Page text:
The forecast for this week is hot and dry. Of course it is hotter than I like, but I’ll take this chance to install the raised pads for the chain plates. First slots must be cut in the pad to accommodate the chain plate. The slot is made bigger than the chain plate to allow it to move as the boat and rigging flex under load. A small amount of sealant will provide a water tight seal. The parts are clamped in the work stand.
Holes are drilled at both ends of the slots.
The Dremel tool with a diamond cutting blade makes easy work of connecting the holes, making the rough slot. The slot is finished with a small sanding drum in the Dremel.
Forward Port side chain plate is bolted into position and the deck clearance hole trimmed as required. The chain plate must be bolted in, deck marked, then removed for trimming the hole. A couple times will insure a proper fit.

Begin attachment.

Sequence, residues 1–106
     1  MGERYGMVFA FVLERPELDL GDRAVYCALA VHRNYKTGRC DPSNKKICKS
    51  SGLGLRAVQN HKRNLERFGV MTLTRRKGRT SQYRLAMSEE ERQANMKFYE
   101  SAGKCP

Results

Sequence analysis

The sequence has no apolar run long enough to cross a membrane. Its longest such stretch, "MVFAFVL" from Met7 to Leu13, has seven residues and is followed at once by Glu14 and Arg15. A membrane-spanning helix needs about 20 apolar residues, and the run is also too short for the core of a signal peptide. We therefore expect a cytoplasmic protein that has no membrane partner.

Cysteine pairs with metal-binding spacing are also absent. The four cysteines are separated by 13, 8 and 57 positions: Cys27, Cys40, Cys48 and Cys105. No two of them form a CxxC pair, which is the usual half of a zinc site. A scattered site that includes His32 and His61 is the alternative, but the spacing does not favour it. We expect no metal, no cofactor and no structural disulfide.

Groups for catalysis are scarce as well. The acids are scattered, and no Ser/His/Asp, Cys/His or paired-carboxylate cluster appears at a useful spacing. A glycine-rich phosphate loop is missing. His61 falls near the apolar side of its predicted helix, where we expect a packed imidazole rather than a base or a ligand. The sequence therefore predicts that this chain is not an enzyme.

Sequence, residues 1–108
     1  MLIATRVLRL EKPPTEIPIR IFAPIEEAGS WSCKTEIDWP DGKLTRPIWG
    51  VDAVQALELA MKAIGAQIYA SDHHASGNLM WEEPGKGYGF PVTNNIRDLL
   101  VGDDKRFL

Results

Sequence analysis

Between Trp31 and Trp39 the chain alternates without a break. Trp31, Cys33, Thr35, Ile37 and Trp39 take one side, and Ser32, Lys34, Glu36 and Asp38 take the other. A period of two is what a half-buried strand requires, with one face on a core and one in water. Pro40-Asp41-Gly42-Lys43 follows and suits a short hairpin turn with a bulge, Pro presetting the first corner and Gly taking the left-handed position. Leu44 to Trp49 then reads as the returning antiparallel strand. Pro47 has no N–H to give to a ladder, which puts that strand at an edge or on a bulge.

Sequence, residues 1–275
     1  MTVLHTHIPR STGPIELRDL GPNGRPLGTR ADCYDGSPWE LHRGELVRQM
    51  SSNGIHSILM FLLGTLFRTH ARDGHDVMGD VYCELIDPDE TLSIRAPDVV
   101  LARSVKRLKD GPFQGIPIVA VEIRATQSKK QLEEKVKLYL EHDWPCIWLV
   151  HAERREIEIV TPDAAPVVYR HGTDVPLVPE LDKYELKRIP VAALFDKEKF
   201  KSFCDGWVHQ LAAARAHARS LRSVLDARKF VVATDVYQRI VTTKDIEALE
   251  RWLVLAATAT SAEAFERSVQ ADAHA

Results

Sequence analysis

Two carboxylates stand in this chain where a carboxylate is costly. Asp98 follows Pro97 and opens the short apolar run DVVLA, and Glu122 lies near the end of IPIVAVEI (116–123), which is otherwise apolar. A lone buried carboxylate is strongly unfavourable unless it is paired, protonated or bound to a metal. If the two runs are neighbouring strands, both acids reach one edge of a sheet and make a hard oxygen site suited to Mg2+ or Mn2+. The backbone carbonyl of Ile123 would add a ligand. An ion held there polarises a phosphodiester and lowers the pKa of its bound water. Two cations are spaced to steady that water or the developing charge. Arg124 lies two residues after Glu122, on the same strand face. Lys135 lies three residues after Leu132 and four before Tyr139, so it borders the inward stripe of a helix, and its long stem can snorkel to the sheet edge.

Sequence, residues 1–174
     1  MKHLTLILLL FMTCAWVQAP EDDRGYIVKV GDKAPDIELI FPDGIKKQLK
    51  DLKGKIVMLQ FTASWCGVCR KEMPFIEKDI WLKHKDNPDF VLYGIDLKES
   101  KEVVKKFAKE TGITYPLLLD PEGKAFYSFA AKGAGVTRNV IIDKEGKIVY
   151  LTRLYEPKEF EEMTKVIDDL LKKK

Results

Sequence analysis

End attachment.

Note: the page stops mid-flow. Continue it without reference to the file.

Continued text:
Now the pad is placed over the chain plate to check fit. Deck is marked for routing a recess to accommodate the pad for a flush fit.
Routing the deck to accommodate the pad was very time consuming using the Dremel tool, but it could and was done. In the last picture we see the finished product, a raised pad bonded to the hull ready to accept the chain plate, sealant and decorative cover. Although difficult and time consuming, this modification will go a long way toward keeping the chain plate knees and bulkheads dry, thereby increasing the longevity of the new chain plates. I am happy with the result. I have restored confidence in the rigging for offshore sailing providing the hounds and fittings above pass inspection of my critical eye.